Swedish authors are incredible. If you haven’t read a book by a Swedish author, do yourself a favour – buy one and read it immediately. I was first introduced to Swedish authors when I read The Girl With the Dragon Tattoo by Stieg Larsson. It took […]
Month: November 2018
Whether you are going all out and hiring a venue and catering and the whole shebang, or if you are doing something at home with a budget, your baby shower can still ooze fabulousness, instgrammableness and loveliness! I have always loved hand-making as much as […]
Lists are my favourite. I have mentioned that several times. Lists give me direction. Lists allow me to plan. Lists let me know when I have achieved things. I have several notebooks that I use specifically for list-making. Planning a baby shower, it turns out, […]
I am a huge Jane Harper fan. Huge. Sitting alongside Kate Morton, Holly Ringland and Liane Moriarty, Jane Harper is not only one of my favourite authors, but she is one of my favourite Australian female authors. These women are who I look up to, their work is what keeps me going when my motivation waivers or my confidence drops. These are the women whose careers I respect and aim for and admire.
Jane Harper burst onto the literary scene with the 2016 best-selling The Dry, and then followed it up with the 2018 hit Force of Nature. These two titles completely changed how I see the Australian landscape, both the physical and the mental. The way that Jane Harper was able to capture the entire Australian psyche between the covers of her book is something well beyond my own comprehension. She managed to completely dissect and celebrate this country whilst reminding us of its power, its expanse and its unforgivable nature.
Unlike its two predecessors, The Lost Man does not involve Aaron Falk – the detective we were first introduced to in The Dry. Though I do love the Aaron Falk character (and ay have a slight crush on him that I don’t understand), The Lost Man completely held its own without him. Following the Bright family, we are taken the furthest into the Australian outback that Harper has taken us before where we are thrown right into the action with the death of one brother and the confusion and grief that brings his remaining two brothers.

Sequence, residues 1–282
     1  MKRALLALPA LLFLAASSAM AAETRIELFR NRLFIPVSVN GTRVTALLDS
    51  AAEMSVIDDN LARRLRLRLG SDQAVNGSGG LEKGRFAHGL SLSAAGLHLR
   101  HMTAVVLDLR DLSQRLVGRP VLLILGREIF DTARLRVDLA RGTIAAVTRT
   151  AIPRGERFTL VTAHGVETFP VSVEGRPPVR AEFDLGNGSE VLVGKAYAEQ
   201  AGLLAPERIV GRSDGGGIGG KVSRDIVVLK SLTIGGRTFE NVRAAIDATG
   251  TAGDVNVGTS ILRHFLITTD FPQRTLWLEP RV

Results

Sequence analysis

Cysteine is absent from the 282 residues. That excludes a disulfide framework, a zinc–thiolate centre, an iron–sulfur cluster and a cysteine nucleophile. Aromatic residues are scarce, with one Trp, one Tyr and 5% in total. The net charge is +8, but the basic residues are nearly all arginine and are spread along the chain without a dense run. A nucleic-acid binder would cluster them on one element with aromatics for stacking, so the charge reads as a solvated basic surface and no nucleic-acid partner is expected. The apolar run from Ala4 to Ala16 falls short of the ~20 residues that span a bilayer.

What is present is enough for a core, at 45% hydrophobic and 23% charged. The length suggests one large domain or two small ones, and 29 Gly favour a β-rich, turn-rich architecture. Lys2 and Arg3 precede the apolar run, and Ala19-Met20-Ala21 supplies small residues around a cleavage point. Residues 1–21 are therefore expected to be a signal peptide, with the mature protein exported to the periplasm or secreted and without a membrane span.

What follows is a wonderfully descriptive mystery of figuring out how Cameron Bright met his demise way out near Stockman’s Grave. We are taken to the far corners of the Australian outback and introduced to the inner workings of a small, country town. Not only that, but the brilliant and suspenseful edge of the family drama that weaves its way through the book is in a class of its own. The Bright family’s dynamics are expertly examined, with the added intrigue and stress around what it is like for the farmers and property owners who are way ‘out bush’. The Lost Man grants us access to an Australian life that many of us will seldom know and with that in mind, Harper is educating us about our own people. And I love it. Harper’s writing brings more atmosphere than should be possible with the written word, proving for the third time around that she is absolutely a force to be reckoned with.
There is always a risk when reading a thriller, a family-drama or a mystery novel. I find that even if I am thoroughly enjoying the book, there is a niggling voice in my head wondering whether or not the major twist, the reveal, the conclusion will be worth it. I want shocking. I want unpredictable. I want to be saying, “Oh my god, yes.” When it comes to Jane Harper, however, there is absolutely no risk. The mystery stays with you right until the very last page, even when everything has been solved and sorted and pieced together. I finished this book with the same enthusiasm and excitement with which I started it, and that is rare.
Even though the descriptive language is constant, and for any other writer would be overkill, each and every sentence is necessary and relevant. Nothing is left behind. There has been a huge surge in the domestic/family drama and sexy thriller genre ever since Girl on the Train, but Jane Harper’s works stand completely on its own not only in the Australian market, but internationally as well. It is so rare that this country, its population, its vast land and its uniqueness are captured in a way that pays homage to its reality.